COLIN RAYMENT: Igneous (2020)
“The main strength of this Igneous is to have its own sound texture that gave us chills all the way its 60 minutes”
1 Traversing the Change 10:12
2 Formation of Obsidian 21:13
3 Crystalline 5:45
4 Rapparee Cove 12:06
5 Skimming Time 10:21
(CD-R/DDL 59:40) (V.F.)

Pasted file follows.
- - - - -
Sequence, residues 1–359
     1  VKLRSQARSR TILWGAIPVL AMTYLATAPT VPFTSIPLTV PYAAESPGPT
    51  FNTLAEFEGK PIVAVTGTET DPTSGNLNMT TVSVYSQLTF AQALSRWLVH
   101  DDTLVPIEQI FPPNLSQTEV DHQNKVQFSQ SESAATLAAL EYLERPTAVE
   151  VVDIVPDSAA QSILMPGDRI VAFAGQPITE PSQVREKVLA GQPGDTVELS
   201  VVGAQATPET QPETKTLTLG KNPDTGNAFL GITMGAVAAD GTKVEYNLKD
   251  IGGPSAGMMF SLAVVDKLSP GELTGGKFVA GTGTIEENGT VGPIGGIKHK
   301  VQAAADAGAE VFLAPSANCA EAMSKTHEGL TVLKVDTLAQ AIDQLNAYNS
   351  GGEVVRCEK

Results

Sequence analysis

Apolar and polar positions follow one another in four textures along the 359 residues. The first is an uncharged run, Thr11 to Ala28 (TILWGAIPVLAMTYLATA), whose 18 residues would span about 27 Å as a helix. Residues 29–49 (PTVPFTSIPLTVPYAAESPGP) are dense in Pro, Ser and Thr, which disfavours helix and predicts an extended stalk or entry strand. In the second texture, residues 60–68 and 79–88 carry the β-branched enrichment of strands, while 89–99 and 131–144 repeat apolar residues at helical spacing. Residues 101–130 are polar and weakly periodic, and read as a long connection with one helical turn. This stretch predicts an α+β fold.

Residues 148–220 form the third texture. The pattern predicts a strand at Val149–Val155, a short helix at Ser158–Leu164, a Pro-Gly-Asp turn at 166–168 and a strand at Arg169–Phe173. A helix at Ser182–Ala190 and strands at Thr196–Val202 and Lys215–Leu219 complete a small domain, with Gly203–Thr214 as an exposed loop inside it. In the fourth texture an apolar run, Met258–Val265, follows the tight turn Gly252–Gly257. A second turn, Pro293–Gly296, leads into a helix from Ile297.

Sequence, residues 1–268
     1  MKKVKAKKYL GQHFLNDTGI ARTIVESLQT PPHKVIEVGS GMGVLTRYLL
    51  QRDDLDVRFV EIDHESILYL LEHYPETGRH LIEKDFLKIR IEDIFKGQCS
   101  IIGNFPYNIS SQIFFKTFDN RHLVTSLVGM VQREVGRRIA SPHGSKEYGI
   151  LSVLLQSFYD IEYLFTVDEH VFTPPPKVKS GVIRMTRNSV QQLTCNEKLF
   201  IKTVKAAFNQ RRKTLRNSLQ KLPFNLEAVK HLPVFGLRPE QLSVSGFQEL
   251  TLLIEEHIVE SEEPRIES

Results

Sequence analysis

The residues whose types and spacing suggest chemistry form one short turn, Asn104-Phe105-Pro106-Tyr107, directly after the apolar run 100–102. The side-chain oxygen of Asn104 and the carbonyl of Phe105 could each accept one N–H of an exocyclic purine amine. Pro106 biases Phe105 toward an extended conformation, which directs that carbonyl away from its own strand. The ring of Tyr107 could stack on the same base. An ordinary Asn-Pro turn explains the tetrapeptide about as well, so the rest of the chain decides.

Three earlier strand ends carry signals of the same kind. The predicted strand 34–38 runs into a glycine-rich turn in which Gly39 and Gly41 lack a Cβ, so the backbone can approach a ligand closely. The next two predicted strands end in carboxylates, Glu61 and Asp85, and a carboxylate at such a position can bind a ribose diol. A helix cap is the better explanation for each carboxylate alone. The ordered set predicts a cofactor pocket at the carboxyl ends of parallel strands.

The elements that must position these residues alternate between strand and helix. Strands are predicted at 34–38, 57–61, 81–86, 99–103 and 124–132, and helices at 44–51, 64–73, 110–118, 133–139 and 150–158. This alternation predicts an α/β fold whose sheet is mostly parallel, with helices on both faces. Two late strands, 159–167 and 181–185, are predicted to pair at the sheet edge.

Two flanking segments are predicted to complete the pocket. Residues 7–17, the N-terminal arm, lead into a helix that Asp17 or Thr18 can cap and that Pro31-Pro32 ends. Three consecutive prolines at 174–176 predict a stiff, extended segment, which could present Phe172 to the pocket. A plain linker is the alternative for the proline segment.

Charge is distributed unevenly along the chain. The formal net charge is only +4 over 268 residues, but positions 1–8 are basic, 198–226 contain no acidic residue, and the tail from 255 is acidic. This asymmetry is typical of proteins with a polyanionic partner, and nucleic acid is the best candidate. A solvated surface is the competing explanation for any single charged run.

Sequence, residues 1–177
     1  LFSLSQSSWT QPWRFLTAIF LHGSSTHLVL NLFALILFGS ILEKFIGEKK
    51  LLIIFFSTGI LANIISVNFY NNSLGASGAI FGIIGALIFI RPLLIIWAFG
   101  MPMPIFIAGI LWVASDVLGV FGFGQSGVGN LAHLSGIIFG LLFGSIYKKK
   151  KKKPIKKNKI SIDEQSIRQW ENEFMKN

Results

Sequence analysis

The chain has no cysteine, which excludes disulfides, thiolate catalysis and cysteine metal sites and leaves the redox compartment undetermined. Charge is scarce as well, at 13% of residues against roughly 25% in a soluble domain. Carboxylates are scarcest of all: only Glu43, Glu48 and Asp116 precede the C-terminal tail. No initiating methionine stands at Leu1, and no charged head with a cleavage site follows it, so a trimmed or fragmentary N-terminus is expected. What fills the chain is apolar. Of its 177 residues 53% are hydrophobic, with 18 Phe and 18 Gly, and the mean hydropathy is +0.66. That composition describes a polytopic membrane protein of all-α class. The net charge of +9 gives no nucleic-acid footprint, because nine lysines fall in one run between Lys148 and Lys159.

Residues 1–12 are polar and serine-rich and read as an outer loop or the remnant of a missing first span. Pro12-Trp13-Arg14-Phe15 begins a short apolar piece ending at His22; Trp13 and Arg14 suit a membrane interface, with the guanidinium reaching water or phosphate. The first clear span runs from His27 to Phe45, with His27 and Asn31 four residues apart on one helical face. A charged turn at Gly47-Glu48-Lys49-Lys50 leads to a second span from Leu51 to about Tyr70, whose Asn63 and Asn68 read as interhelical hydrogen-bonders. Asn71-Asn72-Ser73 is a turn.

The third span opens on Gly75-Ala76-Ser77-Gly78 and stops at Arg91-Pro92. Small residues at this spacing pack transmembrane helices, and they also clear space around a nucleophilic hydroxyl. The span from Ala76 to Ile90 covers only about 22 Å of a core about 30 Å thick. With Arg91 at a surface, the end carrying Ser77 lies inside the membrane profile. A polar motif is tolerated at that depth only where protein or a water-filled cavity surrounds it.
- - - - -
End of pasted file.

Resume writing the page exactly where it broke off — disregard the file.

A track progressing with infinite tenderness, Traversing the Change wastes no time! After an ambient opening dodged in a snap of the fingers, the rhythm imposes a frail and nervous presence with an agitation of sequences and percussions as light as tap dancing. A bass line picks up these rhythmic assets to make them disappear in a fluid movement as stormy as chaotic. Blowing the hot and the cold, Colin Rayment warms up his elements well. Percussive gas effects are a seductive proof, as Traversing the Change undertakes its 3rd turn for an always heavy electronic rock. A floating New Berlin School but more catchy, both for the fingers tapping our thighs and our ears attached to these percussive effects which have become the backbone of Traversing the Change. Apart from a few chloroform layers, the synth grafts its harmonies late with a timid presence which also develops after the 3rd mutation. Following the oblong curve of the rhythm, it extends its whines like this superb cosmic melody around the 6th minute. Subdividing its presence, the synth blows very beautiful ambient solos like it shapes harmonic phases that lead us to crack on the spot when this opening title to IGNEOUS undertakes its 4th mutation a little before the 8th minute when Traversing the Change will throne in master in our ears. WoW!!! Quite a start! I missed my date with Colin's music last year with the excellent Transitional States! There was no way I would miss this one which presents a slightly more complex EM and certainly still just as captivating. It was during a family trip to Jurassic Beach in Devonshire County, in UK, that Colin and his daughters were stunned by the igneous rocks. These metamorphic rocks with a thousand designs and so many visual interpretations are the heart of IGNEOUS. Well installed with headphones, the effect is not the same without it, we hear, as one can imagine, the musical forms melt into filaments to infiltrate other forms and thus subtly modify the course of Colin's last opus. At this level, Formation of Obsidian joins the effects of seizure when a rock feels invaded by the fluids of another rock substance. The opening-track too! But the title which corresponds image for image to the concept of this album is Rapparee Cove. By far, the most beautiful EM hymn I have heard in 2020!